By Subject

By Editor

Cotton Cutout and Termination Timings

Cotton Status:
The 2011 Arkansas cotton crop has turned around and looks good in most counties, especially where irrigation was initiated on time and held to a fairly strict schedule. The Arkansas Agricultural Statistics Service ranks 47% of the Arkansas cotton crop in the good to excellent category, 35% fair and 18% poor or very poor.

Last Effective Bloom Date:
The last effective bloom date is the last date (based on historical weather data) that a white flower position will accumulate enough heat units to mature into a full size boll. If you look at the 30 year average temperatures for Arkansas, our last effective bloom date, which is the date based on the probability of accumulating 850 heat units through the remainder of the season, for Northeast Arkansas is August 10th using a 50% chance probability. Last effective bloom dates for the remainder of the state are August 15th for central and August 18th for Southeastern Arkansas. If we look at average temperatures over the past 5 years, these last effective bloom dates could be extended 3 to 5 days at each location, resulting in August 15th for Northern, August 20th for Central and August 23rd for Southern Arkansas. If temperatures this fall stay as high as last season, the effective bloom dates could be extended another five days at each location. Unfortunately, my crystal ball is broken, and I have no idea what September will bring.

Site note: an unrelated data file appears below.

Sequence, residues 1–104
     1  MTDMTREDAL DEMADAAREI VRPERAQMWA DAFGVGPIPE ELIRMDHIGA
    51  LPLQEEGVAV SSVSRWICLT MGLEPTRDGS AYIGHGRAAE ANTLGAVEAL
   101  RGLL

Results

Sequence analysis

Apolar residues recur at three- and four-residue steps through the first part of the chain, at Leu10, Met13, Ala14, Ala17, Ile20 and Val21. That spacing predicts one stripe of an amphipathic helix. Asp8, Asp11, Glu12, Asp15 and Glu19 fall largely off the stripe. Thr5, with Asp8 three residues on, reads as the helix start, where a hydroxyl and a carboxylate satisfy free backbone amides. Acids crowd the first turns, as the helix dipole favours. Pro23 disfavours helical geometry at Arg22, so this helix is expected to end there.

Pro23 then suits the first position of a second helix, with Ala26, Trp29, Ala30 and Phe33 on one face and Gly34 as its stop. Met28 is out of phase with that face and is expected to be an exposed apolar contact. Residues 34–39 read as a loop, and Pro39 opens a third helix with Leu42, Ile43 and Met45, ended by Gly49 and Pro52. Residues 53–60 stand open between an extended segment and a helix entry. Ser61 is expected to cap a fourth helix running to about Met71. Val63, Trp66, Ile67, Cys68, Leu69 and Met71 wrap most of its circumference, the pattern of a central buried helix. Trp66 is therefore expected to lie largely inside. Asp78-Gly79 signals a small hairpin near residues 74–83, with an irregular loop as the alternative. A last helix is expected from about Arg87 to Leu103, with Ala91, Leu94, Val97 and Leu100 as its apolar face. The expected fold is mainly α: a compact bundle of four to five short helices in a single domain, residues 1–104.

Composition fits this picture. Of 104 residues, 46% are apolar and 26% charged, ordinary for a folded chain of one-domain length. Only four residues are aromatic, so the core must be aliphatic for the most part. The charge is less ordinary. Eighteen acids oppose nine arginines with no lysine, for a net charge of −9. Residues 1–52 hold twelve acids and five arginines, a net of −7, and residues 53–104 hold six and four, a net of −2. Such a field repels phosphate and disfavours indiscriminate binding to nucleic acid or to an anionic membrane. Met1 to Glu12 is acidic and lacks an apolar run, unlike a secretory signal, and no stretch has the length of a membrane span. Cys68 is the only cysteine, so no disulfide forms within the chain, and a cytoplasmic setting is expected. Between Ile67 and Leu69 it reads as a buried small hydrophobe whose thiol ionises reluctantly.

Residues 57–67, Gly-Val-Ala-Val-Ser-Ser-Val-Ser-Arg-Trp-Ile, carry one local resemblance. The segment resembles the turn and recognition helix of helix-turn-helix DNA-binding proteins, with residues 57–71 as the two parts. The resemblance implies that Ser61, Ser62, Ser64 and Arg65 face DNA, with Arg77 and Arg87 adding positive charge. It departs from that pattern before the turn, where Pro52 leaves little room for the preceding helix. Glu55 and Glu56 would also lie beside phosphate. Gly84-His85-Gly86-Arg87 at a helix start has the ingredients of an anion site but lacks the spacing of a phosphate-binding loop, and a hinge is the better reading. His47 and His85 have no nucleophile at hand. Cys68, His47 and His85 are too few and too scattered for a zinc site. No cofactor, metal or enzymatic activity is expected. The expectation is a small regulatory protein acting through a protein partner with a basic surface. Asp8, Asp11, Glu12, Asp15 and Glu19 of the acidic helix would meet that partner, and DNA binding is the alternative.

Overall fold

Establishing the dates of cutout is important in identifying the last group of bolls that will contribute significantly to yield and profit. It is this group of bolls and their development on which we base our end-of-season decisions. If you have fields that will not reach physiological cutout (NAWF 5) until after the last effective bloom dates, then in most cases calendar dates should be used to determine cutout. High temperatures and steady heat unit accumulation has helped much of this cotton crop catch up with blooms coming out of the top or close to the top at a rapid pace. Early planted fields have been cutout (NAWF=5) for a week or more, and many of the later planted fields should reach cutout on or before the last effective bloom dates. Fields across the state are experiencing a heavy shed and are catching another growth spurt. These fields have been hovering around NAWF= 4 or 5 for a couple of weeks and scattered rains may have caused some fields to grow again. Monitor these fields closely for cutout to get a starting point for termination decisions based on heat unit accumulation. Manage end of season irrigation appropriately. After peak boll fill, the water requirement for cotton decreases and excess water can and will promote rank growth, especially after a heavy shed. In these cases, extending days between irrigations may be beneficial to manage end of season rank growth.

Once you know your cutout dates you can go to the University of Arkansas Division of Agriculture website http://dd60.uaex.edu/dd60current.asp and select the county where the field is located and the cutout date. The program will calculate heat the heat units received, as well as potential dates for future terminations based on 30 year average temperatures.

Termination suggestions based on heat unit accumulations past NAWF=5:

Plantbugs = 250 heat units passed cutout

Bollworm/Budworm = 350 heat units passed cutout

Stinkbugs = 450 heat units passed cutout

Irrigation = 450 heat units passed cutout

Defoliation = 850 heat units passed cutout

Please note that the above termination timings are suggestions and each field should be monitored closely before any decisions to terminate insecticide applications, irrigation or initiate defoliation applications are made.


Comments are closed.